PALIN AND WAL-MART CLEARED: Alaska Gov. Sarah Palin, the GOP vice presidential candidate who caused a stir last year when she spent $150,000 on a high-end fashion shopping spree during the election, has been exonerated by the Federal Election Commission. The FEC dismissed the case against Palin, a decision made April 30 but made public Tuesday by the Citizens for Responsibility and Ethics in Washington, the watchdog group that originally filed the complaint. The group alleged Palin, the Republican National Committee and several operatives violated campaign finance laws by “improperly” using funds to glam up the candidate’s wardrobe at Neiman Marcus, Saks Fifth Avenue, Barneys New York and Macy’s for her debut on the national stage. The FEC agreed with Palin and the RNC that RNC money was used to purchase clothing and accessories and not Palin’s own campaign funds. The FEC also closed a case filed against Wal-Mart Stores Inc. by labor groups alleging the retailer violated election laws by warning employees to vote against then-Sen. Barack Obama for president because he supported legislation that would make it easier for employees to unionize.
SHOW BUSINESS: Italy’s Camera della Moda is still fine-tuning its schedule for men’s fashion week in Milan, and, while few major surprises are expected, a handful of smaller houses will forgo the runway in June. Among them are Haute, Andrew Mackenzie and Belstaff, which will opt for a presentation at an as-yet-unnamed location.
DARK KNIGHTS: Striking electricity workers caused a power cut during the Cannes Film Festival on Tuesday. Stores and hotels along the Croisette were left temporarily without power midafternoon as workers at Electricité de France demonstrated in the town center. At a cocktail to fete Dsquared’s new store, guests milled outside in the sunshine while the interior was left in darkness. “You can’t see anything,” said designer Dan Caten, in good humor. But things could take a more dramatic turn today: Rumor has it strikers are threatening to cut the power again during Quentin Tarantino’s drum-rolled premiere of “Inglourious Basterds.”
WRITER’S MUSE: From catlike, furry boots by Bruno Frisoni in homage to “Puss in Boots” author Charles Perrault to a 19th-century style armchair by Paul Smith for Patti Smith, asking 40 designers to imagine objects for their favorite writer makes for an unusual read in Editions Norma’s latest design tome, “Design & littérature: Une liaison inspirée” by journalist and designer Esther Henwood. In the book, published this week, Matthew Williamson dreams up a large wicker armchair for the Indian author Kiran Desai while Christian Lacroix picks three French novelists, imagining a wrought iron chair for Patrick Modiano, a Baroque-style armchair with orchid embellishment for Joris-Karl Huysmans and a praying mantis chair with Gothic detailing for Joseph Delteil. “I have never stopped consulting them,” Lacroix said of the writers who have inspired him in numerous collections.
MOVING OVER: Longtime Bloomingdale’s insider Stephanie Zernick is leaving for a bigger volume job with the big sister division, Macy’s. Zernick, Bloomingdale’s vice president and divisional merchandise manager of handbags and small leather goods, has become group vice president of handbags, small leather goods, soft accessories, hosiery and sunglasses at Macy’s. It’s an opportunity that opened up with the recent centralization of Macy’s, forming a national buying group. “She came to Bloomingdale’s right out of college and spent 24 years with us. She elevated the business,” said Michael Gould, Bloomingdale’s chairman and chief executive. “She has epitomized the passion and the loyalty and the commitment of the people at Bloomingdale’s.”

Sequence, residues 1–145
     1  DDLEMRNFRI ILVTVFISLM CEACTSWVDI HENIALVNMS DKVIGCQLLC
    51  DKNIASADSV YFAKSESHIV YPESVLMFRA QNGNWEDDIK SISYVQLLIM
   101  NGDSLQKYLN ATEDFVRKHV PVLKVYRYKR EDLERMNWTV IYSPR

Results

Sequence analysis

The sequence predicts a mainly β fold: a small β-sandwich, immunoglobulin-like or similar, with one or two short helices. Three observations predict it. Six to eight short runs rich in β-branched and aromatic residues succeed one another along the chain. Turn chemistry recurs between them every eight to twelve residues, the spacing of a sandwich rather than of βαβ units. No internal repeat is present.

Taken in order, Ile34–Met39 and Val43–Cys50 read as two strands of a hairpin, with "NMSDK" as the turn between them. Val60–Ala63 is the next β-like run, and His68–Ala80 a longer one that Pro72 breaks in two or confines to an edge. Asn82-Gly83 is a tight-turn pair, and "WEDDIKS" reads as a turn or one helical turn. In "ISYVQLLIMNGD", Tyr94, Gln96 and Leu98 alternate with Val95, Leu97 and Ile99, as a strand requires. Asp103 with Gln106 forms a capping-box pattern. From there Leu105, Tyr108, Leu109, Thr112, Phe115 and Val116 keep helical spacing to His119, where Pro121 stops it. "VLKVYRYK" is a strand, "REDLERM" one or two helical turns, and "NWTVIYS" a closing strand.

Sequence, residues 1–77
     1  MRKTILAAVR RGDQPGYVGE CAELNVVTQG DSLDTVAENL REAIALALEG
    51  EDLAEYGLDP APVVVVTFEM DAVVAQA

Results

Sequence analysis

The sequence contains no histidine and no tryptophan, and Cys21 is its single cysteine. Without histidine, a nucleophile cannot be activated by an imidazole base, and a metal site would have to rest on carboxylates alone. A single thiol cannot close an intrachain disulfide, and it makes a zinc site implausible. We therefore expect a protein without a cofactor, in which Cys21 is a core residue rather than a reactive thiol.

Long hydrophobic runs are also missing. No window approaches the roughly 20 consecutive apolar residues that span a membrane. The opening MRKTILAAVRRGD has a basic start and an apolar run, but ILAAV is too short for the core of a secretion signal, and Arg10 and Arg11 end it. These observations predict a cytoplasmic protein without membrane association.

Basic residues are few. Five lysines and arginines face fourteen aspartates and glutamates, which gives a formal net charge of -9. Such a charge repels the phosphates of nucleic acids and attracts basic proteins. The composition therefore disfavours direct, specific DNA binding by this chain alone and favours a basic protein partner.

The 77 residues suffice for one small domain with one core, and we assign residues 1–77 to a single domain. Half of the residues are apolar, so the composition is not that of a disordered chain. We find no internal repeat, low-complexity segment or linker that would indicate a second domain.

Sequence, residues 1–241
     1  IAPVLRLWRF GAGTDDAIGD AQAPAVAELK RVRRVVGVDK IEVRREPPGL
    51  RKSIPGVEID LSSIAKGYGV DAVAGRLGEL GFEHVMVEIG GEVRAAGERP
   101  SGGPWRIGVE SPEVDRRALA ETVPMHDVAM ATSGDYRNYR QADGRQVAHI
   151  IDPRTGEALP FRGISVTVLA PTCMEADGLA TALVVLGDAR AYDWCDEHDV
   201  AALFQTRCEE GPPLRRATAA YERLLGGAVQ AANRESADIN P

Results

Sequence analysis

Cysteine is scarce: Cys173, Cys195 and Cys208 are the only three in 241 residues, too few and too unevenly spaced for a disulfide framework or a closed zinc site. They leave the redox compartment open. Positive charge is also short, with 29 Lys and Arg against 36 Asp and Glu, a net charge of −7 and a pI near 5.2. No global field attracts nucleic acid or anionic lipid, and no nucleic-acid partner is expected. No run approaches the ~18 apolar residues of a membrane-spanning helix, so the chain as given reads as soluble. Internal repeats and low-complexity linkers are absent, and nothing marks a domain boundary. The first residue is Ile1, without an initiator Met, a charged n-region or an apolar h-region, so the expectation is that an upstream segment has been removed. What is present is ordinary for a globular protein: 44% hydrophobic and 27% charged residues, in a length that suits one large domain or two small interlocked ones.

Zernick is the wife of Frank Doroff, Bloomingdale’s vice chairman and general merchandise manager of rtw and Bloomingdale’s Direct. She reported to Francine Klein, executive vice president and gmm of accessories, cosmetics and fine jewelry.
OVER THE POND: Carla Wachtveitl, formerly part of designer Yohji Yamamoto’s public relations team in America, is moving over to Givenchy — and to Paris. Wachtveitl joins the French fashion house as worldwide press manager, reporting to Caroline Deroche Pasquier, public relations and press director, effective June 1.
NIFTY FIFTIES: There’s no stopping Parisian night lord André. The pint-sized entrepreneur said he’s preparing to open his next hotel venture in Saint-Tropez in June. Called the Hermitage, the inn will boast a mix of rooms and artist residences, with Chloë and Paul Sevigny; Dash Snow, and The Virgins already lined up to lodge there. “In the Fifties, all the artists would go down to Saint-Tropez. The hotel really has the look of that era,” he said.
OPPOSITES ATTRACT: Oddball fashion couplings seem to never go out of style. After collaborating with Jean Paul Gaultier and Raf Simons, Dr. Martens is bringing its rebel aesthetic to Comptoir des Cotonniers, the mother-daughter contemporary label better known for floaty dresses than heavy-duty footwear. Dr. Martens has created a new version of its classic eight-hole ankle boot in mouse gray leather for fall, retailing at 140 euros, or $189. Quiksilver, meanwhile, has teamed up with trendy Japanese streetwear designer Takashi Kumagai for a range of jackets, shirts, T-shirts, shorts and bags, to be sold in select Japan boutiques and Colette this month. Finally, gypsy-inspired label Manoush has tapped French handbag designer Inès Etienne for a transparent acrylic bag designed to eliminate endless rooting. Priced at 115 euros, or $155, the bag will be available in Manoush stores this summer.